Comparison between intrathecal bupivacaine and combination of bupivacaine and midazolam for postoperative pain relief after infraumbilical elective surgeries

Neha Sharma, Chetan Shukla


Background: Objective of the study was to identify the efficacy of midazolam as an adjuvant to intrathecal hyperbaric bupivacaine 0.5%, a prospective, randomized, double blind study was conducted to compare the onset, duration of sensory and motor block, postoperative analgesia, hemodynamic changes and complications.

Methods: Sixty patients, ASA I/II, Age 18-60 year, scheduled for infraumbilical surgeries, were randomly allocated to group BNS(n=30) to receive intrathecally 2.5 ml of 0.5% hyperbaric bupivacaine with 0.4 ml normal saline; and group BM (n=30) to receive 2.5 ml of 0.5% hyperbaric bupivacaine +2 mg preservative free midazolam 0.4 ml (5mg/ml). We observed onset, duration and regression of sensory and motor block, degree of sedation and pain scores, hemodynamic changes and adverse effects. (PS) version was used for power and sample size calculation. Statistical analysis was performed using Microsoft (MS) office excel software with the student’s t-test and chi-square test (P=0.05)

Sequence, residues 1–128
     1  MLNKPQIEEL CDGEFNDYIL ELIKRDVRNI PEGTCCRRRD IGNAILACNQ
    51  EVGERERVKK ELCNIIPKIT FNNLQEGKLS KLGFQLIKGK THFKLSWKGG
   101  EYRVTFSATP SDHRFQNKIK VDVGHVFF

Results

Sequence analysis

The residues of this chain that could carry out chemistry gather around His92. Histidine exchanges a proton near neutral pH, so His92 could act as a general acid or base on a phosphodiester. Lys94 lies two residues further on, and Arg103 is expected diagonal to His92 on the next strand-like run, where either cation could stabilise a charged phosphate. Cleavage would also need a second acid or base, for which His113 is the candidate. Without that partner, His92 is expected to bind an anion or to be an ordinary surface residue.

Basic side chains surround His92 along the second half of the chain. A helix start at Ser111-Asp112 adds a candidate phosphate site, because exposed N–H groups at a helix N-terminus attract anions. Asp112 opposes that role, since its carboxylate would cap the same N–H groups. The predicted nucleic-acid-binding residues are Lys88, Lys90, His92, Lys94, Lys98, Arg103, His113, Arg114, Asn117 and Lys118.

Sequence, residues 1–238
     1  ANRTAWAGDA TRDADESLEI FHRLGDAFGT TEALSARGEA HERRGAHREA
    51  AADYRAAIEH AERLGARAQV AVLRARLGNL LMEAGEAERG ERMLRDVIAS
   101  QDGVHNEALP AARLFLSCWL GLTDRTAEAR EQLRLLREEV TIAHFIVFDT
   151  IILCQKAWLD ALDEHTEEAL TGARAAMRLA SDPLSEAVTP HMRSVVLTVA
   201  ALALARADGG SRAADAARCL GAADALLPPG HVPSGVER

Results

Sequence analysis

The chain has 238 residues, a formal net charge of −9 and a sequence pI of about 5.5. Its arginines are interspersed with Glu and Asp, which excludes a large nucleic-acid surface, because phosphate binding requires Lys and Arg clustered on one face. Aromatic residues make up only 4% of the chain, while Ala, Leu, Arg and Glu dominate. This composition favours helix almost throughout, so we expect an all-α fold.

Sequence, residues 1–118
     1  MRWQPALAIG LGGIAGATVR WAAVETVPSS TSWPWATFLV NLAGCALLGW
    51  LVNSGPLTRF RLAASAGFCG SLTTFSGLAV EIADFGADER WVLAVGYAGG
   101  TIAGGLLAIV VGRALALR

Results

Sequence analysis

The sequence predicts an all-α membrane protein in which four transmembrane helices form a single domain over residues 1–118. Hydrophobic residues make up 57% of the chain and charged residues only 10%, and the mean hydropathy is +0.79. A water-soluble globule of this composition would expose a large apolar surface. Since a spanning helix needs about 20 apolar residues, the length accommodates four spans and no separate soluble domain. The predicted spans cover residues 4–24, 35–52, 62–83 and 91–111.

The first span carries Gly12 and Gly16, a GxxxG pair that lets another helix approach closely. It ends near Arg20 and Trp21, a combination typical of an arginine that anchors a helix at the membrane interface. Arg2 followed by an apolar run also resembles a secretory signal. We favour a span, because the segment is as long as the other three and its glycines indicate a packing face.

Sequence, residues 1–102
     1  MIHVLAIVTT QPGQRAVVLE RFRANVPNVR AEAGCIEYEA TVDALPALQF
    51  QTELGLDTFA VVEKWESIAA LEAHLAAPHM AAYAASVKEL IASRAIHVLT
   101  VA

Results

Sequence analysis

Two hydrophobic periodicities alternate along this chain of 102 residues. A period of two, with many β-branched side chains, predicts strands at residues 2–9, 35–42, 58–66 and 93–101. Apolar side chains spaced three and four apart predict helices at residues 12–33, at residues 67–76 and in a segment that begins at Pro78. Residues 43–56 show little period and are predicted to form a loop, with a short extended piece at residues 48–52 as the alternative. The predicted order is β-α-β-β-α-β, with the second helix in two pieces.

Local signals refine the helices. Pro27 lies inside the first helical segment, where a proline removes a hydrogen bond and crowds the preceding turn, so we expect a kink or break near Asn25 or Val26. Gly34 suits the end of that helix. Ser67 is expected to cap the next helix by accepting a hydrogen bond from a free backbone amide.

Results: Highest level of sensory blockade (p<.05), motor block duration (179.67±14.94 vs 151.83±10.96 min), sensory block duration (222±16.5 vs 174±12.53 min) and time to first requirement of i.v. analgesia were significantly higher in group BM. Postoperative VAS score was significantly less in group BM. Both groups were comparable in demographic data and hemodynamic changes.

Conclusions: Intrathecal 2 mg midazolam found as an attractive adjuvant to 0.5% hyperbaric bupivacaine in spinal anesthesia in infraumbilical surgeries by producing significantly longer duration of motor and sensory block, good quality of intraoperative and postoperative analgesia with less incidence of nausea vomiting as compared to bupivacaine alone.



Bupivacaine, Intrathecal injections, Midazolam

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